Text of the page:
Exploring dependence between categorical variables : benefits and limitations of using variable selection within Bayesian clustering in relation to log-linear modelling with interaction terms
MetadataShow full item record
This manuscript is concerned with relating two approaches that can be used to explore complex dependence structures between categorical variables, namely Bayesian partitioning of the covariate space incorporating a variable selection procedure that highlights the covariates that drive the clustering, and log-linear modelling with interaction terms. We derive theoretical results on this relation and discuss if they can be employed to assist log-linear model determination, demonstrating advantages and limitations with simulated and real data sets. The main advantage concerns sparse contingency tables. Inferences from clustering can potentially reduce the number of covariates considered and, subsequently, the number of competing log-linear models, making the exploration of the model space feasible. Variable selection within clustering can inform on marginal independence in general, thus allowing for a more efficient exploration of the log-linear model space. However, we show that the clustering structure is not informative on the existence of interactions in a consistent manner. This work is of interest to those who utilize log-linear models, as well as practitioners such as epidemiologists that use clustering models to reduce the dimensionality in the data and to reveal interesting patterns on how covariates combine.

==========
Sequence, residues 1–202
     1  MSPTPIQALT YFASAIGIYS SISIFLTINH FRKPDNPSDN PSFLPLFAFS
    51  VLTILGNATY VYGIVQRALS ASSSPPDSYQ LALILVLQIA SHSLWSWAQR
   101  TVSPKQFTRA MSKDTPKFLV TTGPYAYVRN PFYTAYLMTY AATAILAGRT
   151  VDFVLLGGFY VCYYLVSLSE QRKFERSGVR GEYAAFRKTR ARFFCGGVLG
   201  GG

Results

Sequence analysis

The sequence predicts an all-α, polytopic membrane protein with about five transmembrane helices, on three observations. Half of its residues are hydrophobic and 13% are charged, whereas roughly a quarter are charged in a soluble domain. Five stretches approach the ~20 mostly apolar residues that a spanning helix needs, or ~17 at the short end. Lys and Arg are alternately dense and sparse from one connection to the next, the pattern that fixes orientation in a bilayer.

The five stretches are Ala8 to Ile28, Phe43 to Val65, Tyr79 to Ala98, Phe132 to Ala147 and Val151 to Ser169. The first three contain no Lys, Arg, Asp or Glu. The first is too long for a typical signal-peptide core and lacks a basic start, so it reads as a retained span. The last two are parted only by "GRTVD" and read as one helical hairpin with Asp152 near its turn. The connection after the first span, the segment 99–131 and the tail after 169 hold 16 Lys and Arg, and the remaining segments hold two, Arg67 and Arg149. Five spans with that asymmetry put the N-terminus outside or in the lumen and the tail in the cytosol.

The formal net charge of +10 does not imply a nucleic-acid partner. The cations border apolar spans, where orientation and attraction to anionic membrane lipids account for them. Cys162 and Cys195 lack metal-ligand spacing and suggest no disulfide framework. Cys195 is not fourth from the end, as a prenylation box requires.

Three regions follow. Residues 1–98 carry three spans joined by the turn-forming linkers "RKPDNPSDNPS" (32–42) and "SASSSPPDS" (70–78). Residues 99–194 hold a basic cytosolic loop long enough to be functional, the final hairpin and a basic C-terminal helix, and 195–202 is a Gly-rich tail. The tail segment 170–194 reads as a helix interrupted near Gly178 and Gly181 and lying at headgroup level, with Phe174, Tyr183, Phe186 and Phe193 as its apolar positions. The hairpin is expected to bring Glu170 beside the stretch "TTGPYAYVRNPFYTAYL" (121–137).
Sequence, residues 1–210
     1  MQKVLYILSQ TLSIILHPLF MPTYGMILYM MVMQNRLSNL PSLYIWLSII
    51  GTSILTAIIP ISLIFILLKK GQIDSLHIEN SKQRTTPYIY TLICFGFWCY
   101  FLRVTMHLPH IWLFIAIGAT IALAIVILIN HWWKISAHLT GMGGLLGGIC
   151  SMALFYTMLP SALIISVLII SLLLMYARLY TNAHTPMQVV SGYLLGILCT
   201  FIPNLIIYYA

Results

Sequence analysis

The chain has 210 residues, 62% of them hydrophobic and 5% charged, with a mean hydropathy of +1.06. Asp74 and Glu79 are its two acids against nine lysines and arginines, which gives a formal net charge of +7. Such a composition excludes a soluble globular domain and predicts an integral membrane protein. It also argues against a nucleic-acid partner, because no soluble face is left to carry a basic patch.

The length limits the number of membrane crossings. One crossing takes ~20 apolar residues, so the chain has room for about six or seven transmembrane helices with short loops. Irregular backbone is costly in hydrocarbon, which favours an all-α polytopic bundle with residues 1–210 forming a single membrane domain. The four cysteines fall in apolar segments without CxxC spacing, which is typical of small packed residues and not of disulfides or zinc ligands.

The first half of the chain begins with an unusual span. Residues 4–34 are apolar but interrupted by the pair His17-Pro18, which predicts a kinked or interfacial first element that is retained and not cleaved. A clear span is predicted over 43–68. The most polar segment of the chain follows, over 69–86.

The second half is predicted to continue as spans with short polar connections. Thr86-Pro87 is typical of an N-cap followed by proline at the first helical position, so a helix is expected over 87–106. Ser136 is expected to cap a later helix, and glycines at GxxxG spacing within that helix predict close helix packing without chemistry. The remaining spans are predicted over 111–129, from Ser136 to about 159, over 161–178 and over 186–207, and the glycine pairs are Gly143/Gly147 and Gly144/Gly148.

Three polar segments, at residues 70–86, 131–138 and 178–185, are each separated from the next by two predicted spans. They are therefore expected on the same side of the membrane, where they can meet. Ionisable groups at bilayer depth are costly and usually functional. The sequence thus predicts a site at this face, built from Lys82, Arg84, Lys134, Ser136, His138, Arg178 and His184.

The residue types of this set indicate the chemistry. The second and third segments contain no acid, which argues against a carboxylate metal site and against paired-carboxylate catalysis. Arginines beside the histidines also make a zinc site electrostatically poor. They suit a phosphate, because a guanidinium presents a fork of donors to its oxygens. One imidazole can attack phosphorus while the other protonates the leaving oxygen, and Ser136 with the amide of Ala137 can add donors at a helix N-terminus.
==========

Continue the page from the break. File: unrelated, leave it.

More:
Papathomas , M & Richardson , S 2016 , ' Exploring dependence between categorical variables : benefits and limitations of using variable selection within Bayesian clustering in relation to log-linear modelling with interaction terms ' Journal of Statistical Planning and Inference , vol 173 , pp. 47-63 . DOI: 10.1016/j.jspi.2016.01.002
Journal of Statistical Planning and Inference
© 2016 The Authors. Published by Elsevier B.V. This is an open access article under the CC BY license (http://creativecommons.org/licenses/by/4.0/).
DescriptionThis work was supported by MRC grant G1002319.
Items in the St Andrews Research Repository are protected by copyright, with all rights reserved, unless otherwise indicated.